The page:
Linda had a love of the great outdoors. She camped anywhere and anytime she could. Enjoyed hanging out and swimming along Spanish Creek, kayaking or canoeing on the local lakes and just sitting around a campfire. She had quite a mobile kitchen set up and would cook for just about anybody who was hungry.

A very social and loving person, the house she shared with Malcolm seemed to always be alive with the sound of kids, laughter, of people having fun and, of course, the never-ending squawking of birds. Her many friends were always welcome at any time and those relationships truly meant everything to her. Linda had a full life and, as a motherly type, had a heart bigger than most. But that heart was broken from the loss of her daughter Carrie two years ago. It was an injury that would not mend and we lost her this past Oct. 17, 2019, with Lynn at her side. She will be genuinely missed.

Linda left behind her daughter, Lynn Hutchinson; her life partner, Malcolm Muir; sisters, Lorie, Theresa, Jennifer and Jill Cavin; her grandchildren, Kaydence, Robert, Trinity and Kathrine; also her close nieces, Charmen and Crystal; and numerous other nieces, nephews, in-laws, out-laws and many, many, dear friends.

A celebration of Linda’s life will be held Saturday, Nov. 23, at 1 p.m. in the county fairgrounds Mineral Building. Please bring a dish to share and, if you wish, a story to tell. Linda would like that …

John David Taylor

John David Taylor lost his battle with cancer on Nov. 6, 2019, surrounded by his loving family.

Born Aug. 17, 1944, to John Mac and Rheba Alberta (McCullaugh) Taylor, John was the third of six children. His life began in Grays Flat and he attended elementary school in nearby Quincy until fourth grade, when his family moved to Merced. Two years after they moved to Merced, his family returned to Plumas County, settling in Greenville, where John attended and graduated from Greenville High School. Following graduation, John enlisted in the U.S. Army where he served in the Korean War as a cook. After his service to our country, he started his lifelong career in the timber industry as a choker setter, heavy equipment operator and timber faller. John felled timber up and down the coast of the Pacific Northwest searching for the next big tree, providing for his family the entire time.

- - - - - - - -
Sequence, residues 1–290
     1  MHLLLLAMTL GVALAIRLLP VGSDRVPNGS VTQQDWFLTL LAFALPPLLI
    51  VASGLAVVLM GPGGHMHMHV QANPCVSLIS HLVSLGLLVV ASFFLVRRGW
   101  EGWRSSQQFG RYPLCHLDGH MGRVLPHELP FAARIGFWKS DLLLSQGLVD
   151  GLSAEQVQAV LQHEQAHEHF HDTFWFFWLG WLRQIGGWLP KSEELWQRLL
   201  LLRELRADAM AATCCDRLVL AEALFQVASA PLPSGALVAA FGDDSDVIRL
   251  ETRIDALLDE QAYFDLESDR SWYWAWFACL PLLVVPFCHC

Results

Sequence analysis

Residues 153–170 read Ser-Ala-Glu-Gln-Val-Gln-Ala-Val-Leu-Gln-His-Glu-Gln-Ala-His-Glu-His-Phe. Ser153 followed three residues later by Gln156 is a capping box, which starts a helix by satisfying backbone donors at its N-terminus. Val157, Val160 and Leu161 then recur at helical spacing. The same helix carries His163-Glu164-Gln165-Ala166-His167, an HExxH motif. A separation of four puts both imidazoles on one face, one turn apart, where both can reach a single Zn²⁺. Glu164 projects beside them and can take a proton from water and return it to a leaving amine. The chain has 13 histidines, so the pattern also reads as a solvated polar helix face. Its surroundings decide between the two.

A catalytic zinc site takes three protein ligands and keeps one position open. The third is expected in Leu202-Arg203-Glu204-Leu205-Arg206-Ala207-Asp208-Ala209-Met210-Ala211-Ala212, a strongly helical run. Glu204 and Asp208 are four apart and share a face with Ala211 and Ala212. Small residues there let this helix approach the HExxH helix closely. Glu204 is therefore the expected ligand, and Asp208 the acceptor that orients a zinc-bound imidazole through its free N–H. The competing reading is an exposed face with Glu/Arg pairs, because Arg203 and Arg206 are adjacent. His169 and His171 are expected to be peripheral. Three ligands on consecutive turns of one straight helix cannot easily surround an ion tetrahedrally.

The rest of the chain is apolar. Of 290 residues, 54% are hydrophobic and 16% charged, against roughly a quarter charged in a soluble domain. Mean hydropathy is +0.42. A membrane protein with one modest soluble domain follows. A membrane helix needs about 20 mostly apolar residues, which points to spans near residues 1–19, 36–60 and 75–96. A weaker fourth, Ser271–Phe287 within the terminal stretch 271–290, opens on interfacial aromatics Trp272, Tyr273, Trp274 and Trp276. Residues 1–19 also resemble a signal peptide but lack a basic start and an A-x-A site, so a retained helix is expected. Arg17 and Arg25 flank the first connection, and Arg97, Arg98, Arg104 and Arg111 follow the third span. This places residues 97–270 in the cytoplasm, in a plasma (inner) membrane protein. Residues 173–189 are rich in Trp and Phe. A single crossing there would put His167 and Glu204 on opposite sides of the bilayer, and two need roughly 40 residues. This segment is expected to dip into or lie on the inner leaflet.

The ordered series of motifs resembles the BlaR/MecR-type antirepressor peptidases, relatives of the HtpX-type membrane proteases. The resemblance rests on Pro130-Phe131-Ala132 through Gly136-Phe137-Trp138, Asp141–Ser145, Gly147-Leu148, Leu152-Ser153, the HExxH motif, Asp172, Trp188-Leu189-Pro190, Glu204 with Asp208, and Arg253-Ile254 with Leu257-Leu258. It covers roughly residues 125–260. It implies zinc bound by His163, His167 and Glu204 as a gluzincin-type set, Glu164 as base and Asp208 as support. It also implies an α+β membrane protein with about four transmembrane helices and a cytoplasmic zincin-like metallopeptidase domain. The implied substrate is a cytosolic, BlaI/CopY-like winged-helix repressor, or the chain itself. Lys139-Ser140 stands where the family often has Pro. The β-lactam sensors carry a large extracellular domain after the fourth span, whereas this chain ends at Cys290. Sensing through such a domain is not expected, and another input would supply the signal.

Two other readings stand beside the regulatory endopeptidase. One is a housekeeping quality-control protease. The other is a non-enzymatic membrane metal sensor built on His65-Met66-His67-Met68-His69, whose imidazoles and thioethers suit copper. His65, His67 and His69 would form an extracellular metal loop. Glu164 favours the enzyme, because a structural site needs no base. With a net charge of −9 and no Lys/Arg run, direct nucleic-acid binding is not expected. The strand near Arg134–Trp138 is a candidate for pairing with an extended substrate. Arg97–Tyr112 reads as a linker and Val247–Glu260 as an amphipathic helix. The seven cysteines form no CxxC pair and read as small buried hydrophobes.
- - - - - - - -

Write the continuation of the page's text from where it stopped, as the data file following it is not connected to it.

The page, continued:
John retained his love for the outdoors even after he retired from his logging career, spending his newfound free time fishing, hunting, golfing and gold mining. The twinkle in his eye when you entered his house was usually followed with “Let me show you what I found the other day” and a beautiful gold nugget he had stored carefully with the rest of his collection. He never missed his weekly pool game with his buddies and found great joy in cracking witty jokes and debating his grandchildren at the dinner table. The only thing he loved more than the outdoors was his family.

John leaves his wife of 25 years, Kathy Taylor, of Quincy; son, John (Olga) Taylor, of Red Bluff; daughters, Jeanette (Sam) Frost, of Cottonwood, Julie White, of Quincy and Suzanne (Mike) Taylor, of Oakland; five grandchildren, James and Justin White, of Quincy, Tate McFadden, of Oakland, Rylee and Reese Frost, of Cottonwood; brothers, James (Carol) Taylor, of Redding, Mike Taylor, of Reno; sister, Esther (Jay) Pope, of Missouri; and several nieces and nephews.

John was preceded in death by his parents, brother, Stephen Taylor, sister, Ruth (Taylor) Lowry and son, Jake Norton.

A memorial service will be held at the Meadow Valley School House at 12 p.m. on Saturday, Nov. 16, followed by a celebration of John’s life. In lieu of flowers the family requests donations be made to the Plumas County Museum.